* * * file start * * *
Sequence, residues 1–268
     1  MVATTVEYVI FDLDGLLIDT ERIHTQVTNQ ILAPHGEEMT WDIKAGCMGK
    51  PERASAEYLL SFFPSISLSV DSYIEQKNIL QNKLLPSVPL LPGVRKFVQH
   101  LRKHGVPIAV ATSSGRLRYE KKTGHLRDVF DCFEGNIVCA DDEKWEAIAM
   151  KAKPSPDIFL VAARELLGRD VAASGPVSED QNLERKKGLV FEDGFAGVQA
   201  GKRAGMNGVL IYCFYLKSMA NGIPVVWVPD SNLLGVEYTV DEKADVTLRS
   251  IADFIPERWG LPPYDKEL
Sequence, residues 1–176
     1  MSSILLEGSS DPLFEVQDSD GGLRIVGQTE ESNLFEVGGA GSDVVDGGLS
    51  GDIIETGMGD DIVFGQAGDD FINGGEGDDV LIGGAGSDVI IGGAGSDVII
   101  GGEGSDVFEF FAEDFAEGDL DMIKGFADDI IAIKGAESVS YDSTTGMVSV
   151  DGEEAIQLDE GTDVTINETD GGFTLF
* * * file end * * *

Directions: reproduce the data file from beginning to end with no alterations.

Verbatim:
Sequence, residues 1–268
     1  MVATTVEYVI FDLDGLLIDT ERIHTQVTNQ ILAPHGEEMT WDIKAGCMGK
    51  PERASAEYLL SFFPSISLSV DSYIEQKNIL QNKLLPSVPL LPGVRKFVQH
   101  LRKHGVPIAV ATSSGRLRYE KKTGHLRDVF DCFEGNIVCA DDEKWEAIAM
   151  KAKPSPDIFL VAARELLGRD VAASGPVSED QNLERKKGLV FEDGFAGVQA
   201  GKRAGMNGVL IYCFYLKSMA NGIPVVWVPD SNLLGVEYTV DEKADVTLRS
   251  IADFIPERWG LPPYDKEL
Sequence, residues 1–176
     1  MSSILLEGSS DPLFEVQDSD GGLRIVGQTE ESNLFEVGGA GSDVVDGGLS
    51  GDIIETGMGD DIVFGQAGDD FINGGEGDDV LIGGAGSDVI IGGAGSDVII
   101  GGEGSDVFEF FAEDFAEGDL DMIKGFADDI IAIKGAESVS YDSTTGMVSV
   151  DGEEAIQLDE GTDVTINETD GGFTLF